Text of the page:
An extract on #dallashair
Common phrases expressing similar or synonymous concepts include:
false dichotomy (which more often describes the distinguishing of two things which are not necessarily distinct)
false choice or the fallacy of false choice
"black-and-white thinking" or "thinking in black and white"
"denying a conjunct" (similar to a false dichotomy)
fallacy of exhaustive hypotheses
fallacy of the excluded middle
fallacy of the false alternative
If entire segments of the population are excluded from a sample, then there are no adjustments that can produce estimates that are representative of the entire population. But if some groups are underrepresented and the degree of underrepresentation can be quantified, then sample weights can correct the bias. However, the success of the correction is limited to the selection model chosen. If certain variables are missing the methods used to correct the bias could be inaccurate.
For example, a hypothetical population might include 10 million men and 10 million women. Suppose that a biased sample of 100 patients included 20 men and 80 women. A researcher could correct for this imbalance by attaching a weight of 2.5 for each male and 0.625 for each female. This would adjust any estimates to achieve the same expected value as a sample that included exactly 50 men and 50 women, unless men and women differed in their likelihood of taking part in the survey.
Given the disagreement over what constitutes a genuine slippery slope argument it is to be expected that the there are differences in the way they are defined. Lode says that "although all SSAs share certain features, they are a family of related arguments rather than a class of arguments whose members all share the same form."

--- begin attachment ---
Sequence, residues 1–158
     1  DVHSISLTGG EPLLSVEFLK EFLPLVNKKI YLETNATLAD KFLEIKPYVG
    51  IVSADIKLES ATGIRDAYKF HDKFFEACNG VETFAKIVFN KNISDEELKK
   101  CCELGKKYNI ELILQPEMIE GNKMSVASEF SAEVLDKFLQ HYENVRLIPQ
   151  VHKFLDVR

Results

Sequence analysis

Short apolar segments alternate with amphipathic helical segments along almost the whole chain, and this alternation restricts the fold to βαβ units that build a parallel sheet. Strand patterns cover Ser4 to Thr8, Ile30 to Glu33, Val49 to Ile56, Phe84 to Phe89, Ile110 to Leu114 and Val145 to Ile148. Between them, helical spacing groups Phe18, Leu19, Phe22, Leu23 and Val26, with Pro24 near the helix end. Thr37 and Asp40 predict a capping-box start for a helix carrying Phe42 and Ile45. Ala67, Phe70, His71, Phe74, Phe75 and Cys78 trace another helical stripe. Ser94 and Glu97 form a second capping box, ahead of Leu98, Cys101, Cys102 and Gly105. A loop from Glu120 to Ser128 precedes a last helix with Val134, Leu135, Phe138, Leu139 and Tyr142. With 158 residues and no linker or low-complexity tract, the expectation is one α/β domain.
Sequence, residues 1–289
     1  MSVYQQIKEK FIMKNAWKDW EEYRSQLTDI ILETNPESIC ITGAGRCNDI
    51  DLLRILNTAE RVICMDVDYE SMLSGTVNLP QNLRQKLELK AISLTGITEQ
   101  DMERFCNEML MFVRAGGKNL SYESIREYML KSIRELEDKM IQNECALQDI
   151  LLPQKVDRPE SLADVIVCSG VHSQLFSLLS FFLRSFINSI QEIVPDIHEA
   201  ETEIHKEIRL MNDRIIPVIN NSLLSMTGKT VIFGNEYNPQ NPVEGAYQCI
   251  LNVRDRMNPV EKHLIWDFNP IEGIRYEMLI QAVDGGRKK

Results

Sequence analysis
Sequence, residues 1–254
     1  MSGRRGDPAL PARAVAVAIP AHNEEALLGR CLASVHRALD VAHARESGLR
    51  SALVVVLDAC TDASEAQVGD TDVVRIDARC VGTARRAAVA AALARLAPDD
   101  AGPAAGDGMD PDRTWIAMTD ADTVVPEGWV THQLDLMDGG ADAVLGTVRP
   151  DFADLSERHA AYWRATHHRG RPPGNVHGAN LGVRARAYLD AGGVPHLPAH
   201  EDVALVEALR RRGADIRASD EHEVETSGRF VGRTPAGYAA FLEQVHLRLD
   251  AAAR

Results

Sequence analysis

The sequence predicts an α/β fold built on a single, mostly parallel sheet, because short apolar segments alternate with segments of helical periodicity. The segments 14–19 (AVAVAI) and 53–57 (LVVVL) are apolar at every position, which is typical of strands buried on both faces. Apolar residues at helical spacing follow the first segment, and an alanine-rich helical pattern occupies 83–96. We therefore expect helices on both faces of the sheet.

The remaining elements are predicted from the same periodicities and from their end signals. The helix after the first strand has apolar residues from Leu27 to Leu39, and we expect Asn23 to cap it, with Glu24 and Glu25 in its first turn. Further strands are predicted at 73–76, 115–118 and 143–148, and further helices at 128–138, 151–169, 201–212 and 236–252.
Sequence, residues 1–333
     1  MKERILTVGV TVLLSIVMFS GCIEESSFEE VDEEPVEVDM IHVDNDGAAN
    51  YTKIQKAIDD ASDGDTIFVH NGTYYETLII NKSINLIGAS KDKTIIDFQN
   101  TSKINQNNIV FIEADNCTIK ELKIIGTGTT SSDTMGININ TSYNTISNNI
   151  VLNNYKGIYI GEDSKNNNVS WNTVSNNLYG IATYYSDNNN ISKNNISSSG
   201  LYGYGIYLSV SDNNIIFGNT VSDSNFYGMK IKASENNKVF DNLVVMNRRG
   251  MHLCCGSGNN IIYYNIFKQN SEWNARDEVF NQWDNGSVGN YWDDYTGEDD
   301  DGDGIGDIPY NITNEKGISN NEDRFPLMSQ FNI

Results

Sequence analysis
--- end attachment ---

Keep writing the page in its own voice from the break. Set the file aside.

Various writers have attempted to produce a general taxonomy of these different kinds of slippery slope. Other writers have given a general definition that will encompass the diversity of slippery slope arguments. Eugene Volokh says, "I think the most useful definition of a slippery slope is one that covers all situations where decision A, which you might find appealing, ends up materially increasing the probability that others will bring about decision B, which you oppose."
Those who hold that slippery slopes are causal generally give a simple definition, provide some appropriate examples and perhaps add some discussion as to the difficulty of determining whether the argument is reasonable or fallacious. Most of the more detailed analysis of slippery slopes has been done by those who hold that genuine slippery slopes are of the decisional kind.
Lode, having claimed that SSAs are not a single class of arguments whose members all share the same form, nevertheless goes on to suggest the following common features.
Rizzo and Whitman identify slightly different features. They say, "Although there is no paradigm case of the slippery slope argument, there are characteristic features of all such arguments. The key components of slippery slope arguments are three:
Walton notes that these three features will be common to all slippery slopes but objects that there needs to be more clarity on the nature of the 'mechanism' and a way of distinguishing between slippery slope arguments and arguments from negative consequences.
Corner et al. say that a slippery slope has "four distinct components:
The alleged danger lurking on the slippery slope is the fear that a presently unacceptable proposal (C) will (by any number of psychological processessee, e.g., Volokh 2003) in the future be re-evaluated as acceptable."
Walton adds the requirement that there must be a loss of control. He says, there are four basic components, "One is a first step, an action or policy being considered. A second is a sequence in which this action leads to other actions. A third is a so-called gray zone or area of indeterminacy along the sequence where the agent loses control. The fourth is the catastrophic outcome at the very end of the sequence. The idea is that as soon as the agent in question takes the first step he will be impelled forward through the sequence, losing control so that in the end he will reach the catastrophic outcome. Not all of these components are typically made explicit..."